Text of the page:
Architect and writer Alexander Gorlin will lecture on the influence of Kabbalah on architecture in the University of Hartford Architecture Lecture Series on Monday, Oct. 21, at 4 p.m. in Wilde Auditorium.
Gorlin was recently profiled in the New York Times regarding his new book on the subject.
The lecture is free and open to the public, and visitors should park in visitor lots K or D. The lecture series is made possible through the JCJ Architecture Endowment of the University of Hartford Department of Architecture.
See the complete schedule of lectures for the fall semester.

Ilumoka Conducts Study on Behalf of Conn. General Assembly

Abby Ilumoka, professor of electrical and computer engineering, CETA, and a member of the Connecticut Academy of Science and Engineering (CASE), participated in a recently concluded year-long study entitled “CT Disparity Study:  Phase I,” conducted by CASE on behalf of the Connecticut General Assembly.
The study was conducted in accordance with legislation adopted during the 2012 General Assembly session, Public Act 12-1 and Public Act 12-104, authorizing CASE to conduct a disparity study of the state’s Small and Minority Business Enterprise Set-Aside Program.
A briefing was held to present the results of the study to the Connecticut General Assembly on Sept. 18, 2013 at the Legislative Office Building at the State Capitol in Hartford.
An electronic version of the report is available on the Academy’s website at the following link: Connecticut Disparity Study: Phase I, or at

Wednesday, August 14, 2013

Eppes, Milanovic and Malik Present Paper at Conference in Austria

Tom Eppes, professor of electrical and computer engineering; Ivana Milanovic, professor of mechanical engineering; and Shiraz Malik, graduate student in the College of Engineering, Technology, and Architecture (CETA), presented a paper at the June 2013 Multidisciplinary Conference sponsored by the International Journal of Arts & Sciences in Bad Hofgastein, Austria.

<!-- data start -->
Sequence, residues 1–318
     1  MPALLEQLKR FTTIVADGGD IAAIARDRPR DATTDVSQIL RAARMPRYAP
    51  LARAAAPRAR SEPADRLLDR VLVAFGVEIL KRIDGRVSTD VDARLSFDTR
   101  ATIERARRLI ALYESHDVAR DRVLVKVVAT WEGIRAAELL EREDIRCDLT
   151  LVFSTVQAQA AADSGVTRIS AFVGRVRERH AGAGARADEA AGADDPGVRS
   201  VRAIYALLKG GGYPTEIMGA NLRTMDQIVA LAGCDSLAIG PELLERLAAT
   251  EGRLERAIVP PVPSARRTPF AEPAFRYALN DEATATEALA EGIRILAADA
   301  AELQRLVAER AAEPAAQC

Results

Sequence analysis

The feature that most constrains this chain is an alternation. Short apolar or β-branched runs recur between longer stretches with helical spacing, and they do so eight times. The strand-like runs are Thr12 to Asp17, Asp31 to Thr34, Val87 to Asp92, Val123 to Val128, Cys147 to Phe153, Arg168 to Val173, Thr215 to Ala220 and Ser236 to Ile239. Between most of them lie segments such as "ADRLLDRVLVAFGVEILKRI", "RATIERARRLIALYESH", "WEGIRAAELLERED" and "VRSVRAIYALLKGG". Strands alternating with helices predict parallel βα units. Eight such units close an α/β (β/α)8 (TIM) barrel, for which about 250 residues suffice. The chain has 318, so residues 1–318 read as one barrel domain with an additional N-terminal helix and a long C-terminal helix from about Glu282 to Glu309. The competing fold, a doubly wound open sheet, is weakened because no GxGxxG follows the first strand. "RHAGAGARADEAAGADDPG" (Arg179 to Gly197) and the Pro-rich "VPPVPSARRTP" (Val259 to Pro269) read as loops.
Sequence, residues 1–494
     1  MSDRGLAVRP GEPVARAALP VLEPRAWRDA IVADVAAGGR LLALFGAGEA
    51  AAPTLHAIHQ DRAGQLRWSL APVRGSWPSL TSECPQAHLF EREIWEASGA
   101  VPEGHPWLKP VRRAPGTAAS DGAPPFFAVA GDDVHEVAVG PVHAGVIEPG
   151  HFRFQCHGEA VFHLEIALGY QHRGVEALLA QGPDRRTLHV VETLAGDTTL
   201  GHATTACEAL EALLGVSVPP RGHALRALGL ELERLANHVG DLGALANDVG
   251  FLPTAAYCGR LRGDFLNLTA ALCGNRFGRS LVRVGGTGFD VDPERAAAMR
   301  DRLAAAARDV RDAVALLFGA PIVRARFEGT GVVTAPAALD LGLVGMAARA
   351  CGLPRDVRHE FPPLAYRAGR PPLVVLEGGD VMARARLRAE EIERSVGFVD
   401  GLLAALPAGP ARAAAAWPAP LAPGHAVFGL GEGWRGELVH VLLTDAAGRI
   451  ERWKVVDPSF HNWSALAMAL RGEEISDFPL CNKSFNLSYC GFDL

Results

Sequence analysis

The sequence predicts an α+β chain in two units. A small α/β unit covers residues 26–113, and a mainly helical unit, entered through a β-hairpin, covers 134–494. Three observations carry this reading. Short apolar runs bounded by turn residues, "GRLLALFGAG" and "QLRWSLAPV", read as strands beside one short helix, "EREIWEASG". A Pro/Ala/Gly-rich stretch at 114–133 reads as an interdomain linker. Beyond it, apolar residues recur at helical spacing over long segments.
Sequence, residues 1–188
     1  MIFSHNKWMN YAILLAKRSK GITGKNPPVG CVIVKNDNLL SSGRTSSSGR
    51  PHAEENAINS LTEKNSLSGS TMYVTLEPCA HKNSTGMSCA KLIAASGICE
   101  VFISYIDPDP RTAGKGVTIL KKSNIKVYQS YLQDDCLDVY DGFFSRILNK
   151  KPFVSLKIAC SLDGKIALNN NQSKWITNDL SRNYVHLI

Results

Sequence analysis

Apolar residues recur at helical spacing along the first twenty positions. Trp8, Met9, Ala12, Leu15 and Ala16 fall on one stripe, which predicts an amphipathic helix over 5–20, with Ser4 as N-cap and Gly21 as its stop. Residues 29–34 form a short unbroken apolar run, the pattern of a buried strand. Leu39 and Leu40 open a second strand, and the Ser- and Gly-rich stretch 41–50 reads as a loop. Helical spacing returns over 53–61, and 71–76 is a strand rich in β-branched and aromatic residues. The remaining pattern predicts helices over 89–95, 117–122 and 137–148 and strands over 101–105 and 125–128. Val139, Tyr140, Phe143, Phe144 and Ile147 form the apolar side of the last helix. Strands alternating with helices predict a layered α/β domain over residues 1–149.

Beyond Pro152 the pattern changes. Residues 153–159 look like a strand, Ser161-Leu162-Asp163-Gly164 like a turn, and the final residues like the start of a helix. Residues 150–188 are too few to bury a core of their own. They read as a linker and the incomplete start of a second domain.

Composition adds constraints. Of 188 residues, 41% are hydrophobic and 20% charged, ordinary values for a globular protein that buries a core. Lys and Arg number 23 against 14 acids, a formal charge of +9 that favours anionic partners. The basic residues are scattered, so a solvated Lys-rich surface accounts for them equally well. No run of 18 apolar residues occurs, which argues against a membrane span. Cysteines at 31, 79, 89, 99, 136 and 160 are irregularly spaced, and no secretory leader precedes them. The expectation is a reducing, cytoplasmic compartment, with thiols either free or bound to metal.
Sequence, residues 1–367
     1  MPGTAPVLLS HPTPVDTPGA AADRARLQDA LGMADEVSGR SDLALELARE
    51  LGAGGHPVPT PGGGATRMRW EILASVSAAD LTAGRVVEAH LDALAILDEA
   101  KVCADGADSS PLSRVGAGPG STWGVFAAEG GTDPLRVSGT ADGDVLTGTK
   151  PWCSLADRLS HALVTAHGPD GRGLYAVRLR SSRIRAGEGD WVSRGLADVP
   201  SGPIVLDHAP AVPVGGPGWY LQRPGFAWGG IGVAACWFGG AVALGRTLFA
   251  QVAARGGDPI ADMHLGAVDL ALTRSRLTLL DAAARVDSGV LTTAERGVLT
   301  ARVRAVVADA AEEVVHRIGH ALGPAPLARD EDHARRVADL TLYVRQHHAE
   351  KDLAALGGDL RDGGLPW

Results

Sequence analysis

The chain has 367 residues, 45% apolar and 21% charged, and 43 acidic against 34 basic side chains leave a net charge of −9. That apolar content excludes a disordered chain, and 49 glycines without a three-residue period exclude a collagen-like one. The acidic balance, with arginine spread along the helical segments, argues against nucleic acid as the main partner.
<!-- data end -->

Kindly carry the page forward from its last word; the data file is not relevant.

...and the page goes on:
The conference brings together international academics to present research in the fields of social sciences, humanities, education and technology.
The paper, "Vibrational Response of a Gong," presents the results of a three-dimensional finite element analysis of the eigenmodes of an Indonesian gong suspended in air. A model was developed using COMSOL Multiphysics 4.3a to identify discrete vibrational modes, known as eigenfrequencies, which constitute the set of amplitude response patterns produced when the gong is abruptly struck by an external force. These frequencies are driven by the physical geometry and material composition of the gong and suspension system. Contour plots of the complex surface deformations as a function of time are examined along with acoustic wave propagation into the surrounding air.